…other rather unique strings are also found in both samples.

Whilst chatting about this with one my close (security researcher) friends he noted that this new sample was (already) detected by XProtect.

XProtect is Apple’s rudimentary anti-malware system, baked in to macOS.

For a good overview, see “XProtect Explained: How Your Mac’s Built-in Anti-malware Software Works

I was rather skeptical of this claim (as I didn’t recall any recent XProtect updates for OSX.Netwire), but turns out he was absolutely right!

In 2016, Apple added a Yara signature to detect something called OSX.Netwire.A. The signature (found in /System/Library/CoreServices/XProtect.bundle/Contents/Resources/XProtect.yara) is presented below:

rule NetwireA
        description = "OSX.Netwire.A"
        $a = "exitexit"
        $b = "User-Agent: Mozilla/5.0 (Windows NT 6.3; WOW64; Trident/7.0; rv:11.0) like GeckoAccept: text/html,application/xhtml+xml,application/xml;q=0.9,image/webp,*/*;q=0.8"
        all of them

Digita’s UXProtect utility can graphically display this signature as well:

We can also utilize UXProtect to confirm this signature (from 2016) still detects the malware used in the Firefox 0day attack:

Wow! kudos to Apple for writing a signature that (IMHO) rather surprisingly detects this “new” threat!

Interestingly Apple’s signature does not detect the sample from 2012 (as it does not contain the User-Agent: Mozilla... string). This is first (of many) indicator that these samples, while somehow related are unsurprisingly not the same.

I’m personally not aware of any (public) details related to this new sample.

Interestingly Intego, in 2016, wrote a brief article about Apple’s XProtect: “Apple Updates XProtect Malware Definitions for NetWeirdRC”.

However, they (and others) all reference or link back to the 2012 sample, which (as already noted) is not detected by Apple’s OSX.Netwire.A YARA signature.

As is often the case, Apple tends to know things which don’t become common knowledge 😭

Or atleast, common knowledge to me:

While the sample from 2012 and 2019 are clearly related, they are also very different. We’ll get into this more in part two of this blog post, when we dive into the capabilities of the (new) malware sample. However in short, the 2012 and 2019 samples have totally different objectives. If I had to guess, they are both written by the same author (or team), but serve unique purposes (i.e. the 2012 sample is only concerned with stealing passwords).

Before we wrap up part one of this post, let’s look at how the new sample, OSX.NetWire.A, persists.

A quick peek at the malware’s disassembly reveals an embedded launch agent plist:

memcpy(esi, "<?xml version=\"1.0\" encoding=\"UTF-8\"?>\n<!DOCTYPE plist PUBLIC \"-//Apple Computer//DTD PLIST 1.0//EN\n\t\"http://www.apple.com/DTDs/PropertyList-1.0.dtd\">\n<plist version=\"1.0\">\n<dict>\n    <key>Label</key>\n    <string>%s</string>\n    <key>ProgramArguments</key>\n<array>\n        <string>%s</string>\n    </array>\n    <key>RunAtLoad</key>\n    <true/>\n    <key>KeepAlive</key>\n    <%s/>\n</dict>\n</plist>");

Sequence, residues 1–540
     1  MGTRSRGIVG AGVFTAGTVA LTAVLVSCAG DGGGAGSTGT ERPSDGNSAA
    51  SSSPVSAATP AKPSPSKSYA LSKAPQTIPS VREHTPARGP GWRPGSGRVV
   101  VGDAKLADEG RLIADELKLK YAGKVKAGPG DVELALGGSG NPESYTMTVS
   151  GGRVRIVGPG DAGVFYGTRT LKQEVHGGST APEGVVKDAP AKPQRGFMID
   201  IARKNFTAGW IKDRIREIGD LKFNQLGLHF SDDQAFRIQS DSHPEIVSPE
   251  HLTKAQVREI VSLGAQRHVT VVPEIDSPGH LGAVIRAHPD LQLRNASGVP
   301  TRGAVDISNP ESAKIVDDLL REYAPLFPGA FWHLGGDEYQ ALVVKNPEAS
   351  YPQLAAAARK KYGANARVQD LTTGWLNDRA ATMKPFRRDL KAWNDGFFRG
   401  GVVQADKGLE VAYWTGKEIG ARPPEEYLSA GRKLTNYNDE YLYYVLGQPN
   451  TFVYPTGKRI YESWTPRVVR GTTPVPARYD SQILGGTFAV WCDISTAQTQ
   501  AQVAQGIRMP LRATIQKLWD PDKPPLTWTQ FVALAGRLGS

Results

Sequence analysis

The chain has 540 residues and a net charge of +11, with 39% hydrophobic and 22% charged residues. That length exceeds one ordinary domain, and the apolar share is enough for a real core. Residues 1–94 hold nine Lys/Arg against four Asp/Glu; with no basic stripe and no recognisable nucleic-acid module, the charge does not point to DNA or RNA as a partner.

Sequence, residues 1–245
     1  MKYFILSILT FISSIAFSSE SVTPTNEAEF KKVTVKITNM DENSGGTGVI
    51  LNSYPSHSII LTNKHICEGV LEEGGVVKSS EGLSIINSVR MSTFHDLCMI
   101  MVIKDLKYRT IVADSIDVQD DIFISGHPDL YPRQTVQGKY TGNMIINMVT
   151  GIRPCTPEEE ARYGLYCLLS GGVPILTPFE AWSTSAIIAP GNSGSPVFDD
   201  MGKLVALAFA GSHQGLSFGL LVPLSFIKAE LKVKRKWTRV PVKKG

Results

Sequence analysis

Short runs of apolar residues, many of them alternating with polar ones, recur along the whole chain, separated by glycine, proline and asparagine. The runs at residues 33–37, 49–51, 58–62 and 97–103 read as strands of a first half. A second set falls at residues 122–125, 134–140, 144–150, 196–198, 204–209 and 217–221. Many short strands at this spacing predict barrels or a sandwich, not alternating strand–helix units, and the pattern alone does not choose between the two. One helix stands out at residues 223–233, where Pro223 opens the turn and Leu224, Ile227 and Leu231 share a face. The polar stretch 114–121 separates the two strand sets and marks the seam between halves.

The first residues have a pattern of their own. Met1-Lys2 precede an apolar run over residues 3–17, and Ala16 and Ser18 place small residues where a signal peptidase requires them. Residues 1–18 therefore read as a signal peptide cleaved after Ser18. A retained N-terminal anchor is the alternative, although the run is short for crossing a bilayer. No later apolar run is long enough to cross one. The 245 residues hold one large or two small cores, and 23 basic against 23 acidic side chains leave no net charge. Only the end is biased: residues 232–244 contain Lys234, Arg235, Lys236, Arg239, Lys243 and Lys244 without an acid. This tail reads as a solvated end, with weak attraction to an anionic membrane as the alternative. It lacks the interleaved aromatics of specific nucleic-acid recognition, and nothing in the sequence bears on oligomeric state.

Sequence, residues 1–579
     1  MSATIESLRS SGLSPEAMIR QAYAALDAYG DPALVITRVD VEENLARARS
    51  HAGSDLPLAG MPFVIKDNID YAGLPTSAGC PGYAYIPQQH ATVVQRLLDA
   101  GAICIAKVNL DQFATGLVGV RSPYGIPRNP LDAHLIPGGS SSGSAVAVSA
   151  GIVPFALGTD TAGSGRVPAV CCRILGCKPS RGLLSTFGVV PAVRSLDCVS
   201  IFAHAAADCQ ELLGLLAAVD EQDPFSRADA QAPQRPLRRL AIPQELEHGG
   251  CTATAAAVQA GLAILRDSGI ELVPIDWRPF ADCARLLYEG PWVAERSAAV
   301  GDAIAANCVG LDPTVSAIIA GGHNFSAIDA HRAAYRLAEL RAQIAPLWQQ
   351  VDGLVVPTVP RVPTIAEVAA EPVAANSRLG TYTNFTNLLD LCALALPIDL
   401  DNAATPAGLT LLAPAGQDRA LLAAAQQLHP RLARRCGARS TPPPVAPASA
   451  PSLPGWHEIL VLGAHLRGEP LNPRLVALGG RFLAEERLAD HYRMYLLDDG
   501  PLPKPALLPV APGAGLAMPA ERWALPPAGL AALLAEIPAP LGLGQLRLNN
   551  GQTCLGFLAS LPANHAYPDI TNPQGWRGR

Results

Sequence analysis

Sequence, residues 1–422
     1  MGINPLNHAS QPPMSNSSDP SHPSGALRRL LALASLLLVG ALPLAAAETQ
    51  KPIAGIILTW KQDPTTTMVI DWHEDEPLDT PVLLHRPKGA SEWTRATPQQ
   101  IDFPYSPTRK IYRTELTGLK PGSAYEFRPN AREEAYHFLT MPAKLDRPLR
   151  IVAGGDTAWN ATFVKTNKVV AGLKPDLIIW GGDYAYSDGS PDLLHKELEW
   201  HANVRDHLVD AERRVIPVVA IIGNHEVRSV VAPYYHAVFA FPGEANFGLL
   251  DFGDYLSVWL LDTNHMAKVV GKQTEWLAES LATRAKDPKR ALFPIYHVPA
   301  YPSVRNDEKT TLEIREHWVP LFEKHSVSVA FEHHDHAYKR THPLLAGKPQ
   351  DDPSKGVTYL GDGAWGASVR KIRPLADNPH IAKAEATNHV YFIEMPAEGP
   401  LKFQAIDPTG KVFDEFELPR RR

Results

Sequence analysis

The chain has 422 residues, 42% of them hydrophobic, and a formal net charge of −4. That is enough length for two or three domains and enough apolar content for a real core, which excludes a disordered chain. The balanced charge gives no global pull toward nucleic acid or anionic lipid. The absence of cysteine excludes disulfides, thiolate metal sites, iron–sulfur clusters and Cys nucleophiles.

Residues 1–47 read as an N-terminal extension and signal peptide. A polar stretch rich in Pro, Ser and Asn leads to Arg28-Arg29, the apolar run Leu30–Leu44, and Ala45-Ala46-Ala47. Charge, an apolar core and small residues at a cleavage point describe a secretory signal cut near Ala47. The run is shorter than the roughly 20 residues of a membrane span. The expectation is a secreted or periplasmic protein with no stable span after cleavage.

eax = getenv("HOME");
eax = __snprintf_chk(&var_6014, 0x400, 0x0, 0x400, "%s/Library/LaunchAgents/", eax);

eax = __snprintf_chk(edi, 0x400, 0x0, 0x400, "%s%s.plist", &var_6014, 0xe5d6);

Seems reasonable to assume the malware will persist as launch agent.

However, it also appears to contain logic to persist as a login item (note the call to the LSSharedFileListInsertItemURL API):

eax = __snprintf_chk(&var_6014, 0x400, 0x0, 0x400, "%s%s.app", &var_748C, &var_788C);
eax = CFURLCreateFromFileSystemRepresentation(0x0, &var_6014, eax, 0x1);

eax = LSSharedFileListCreate(0x0, **_kLSSharedFileListSessionLoginItems, 0x0);

eax = LSSharedFileListInsertItemURL(eax, **_kLSSharedFileListItemLast, 0x0, 0x0, edi, 0x0, 0x0);

Hopping into a VM and running the malware, turns out it persists twice! First as launch agent (com.mac.host.plist), and then as a login item.

$ cat ~/Library/LaunchAgents/com.mac.host.plist
    KeepAlive = 0;
    Label = "com.mac.host";
    ProgramArguments =     (
    RunAtLoad = 1;

As the launch agent (com.mac.host.plist) has the RunAtLoad is set (to 1), the OS will automatically launch the specified binary, .defaults/Finder.app/Contents/MacOS/Finder each time the user logs in.

The login item will also ensure the malware is launched. Login items however show up in the UI, clearly detracting from the malware’s stealth:

Is persisting twice better than once? Not really, especially if you are using GamePlan and detecting on both persistence attempts by monitoring launch items and login items.

If you are not an enterprise and would like to defend against these attacks personally, we’re big fans of the Objective-See tools! KnockKnock & BlockBlock which will detect both persistence attempts and can also reveal the infection (after the fact).

For details on persisting as a login item (and the role of backgroundTaskManagementAgent), see my recent blog post on “Block Blocking Login Items” over at Objective-See’s blog page.

Maybe the malware author wanted to be extra extra sure about gaining and/or maintaining persistence!?


In today’s post, we discussed the persistent payload of a rather sophisticated targeted attack against cryptocurrency exchange(s). Via a Firefox 0day, the attackers persistently deployed a macOS binary.

Rather interestingly this malware was OSX.NetWire.A, which bares some relation to a 2012 specimen of the same name. Similarly intriguingly we showed how a signature deployed by Apple in 2016 would detects this malware. Or would it?

Recall that in his original email, the infected user noted that the malware bypassed Gatekeeper. This is actually unsurprising as the malware was delivered by a remote 0day exploit. Gatekeeper only scans applications that have a quarantine attribute set. This is added by the application (i.e. browser) or OS only when the application is downloaded via normal means (i.e. by the user). Exploit code that downloads a payload (such as malicious application) will not set a quarantine attribute (or can remove it), thus will not trigger Gatekeeper!

I highlighted this (well known) fact in a 2016 presentation, “Gatekeeper Exposed; Come, See, Conquer“:

XProtect similarly only operates on files that have the quarantine bit set.

However, this may be changing in macOS 10.15 (Catalina).

Thus, thanks to the infection vector (a Firefox 0day), neither Gatekeeper nor XProtect would protect the user. At Digita Security, we’re proud to be able to detect such infections within the enterprise and help further the privacy efforts being made in Cupertino to enhance the security of the macOS platform.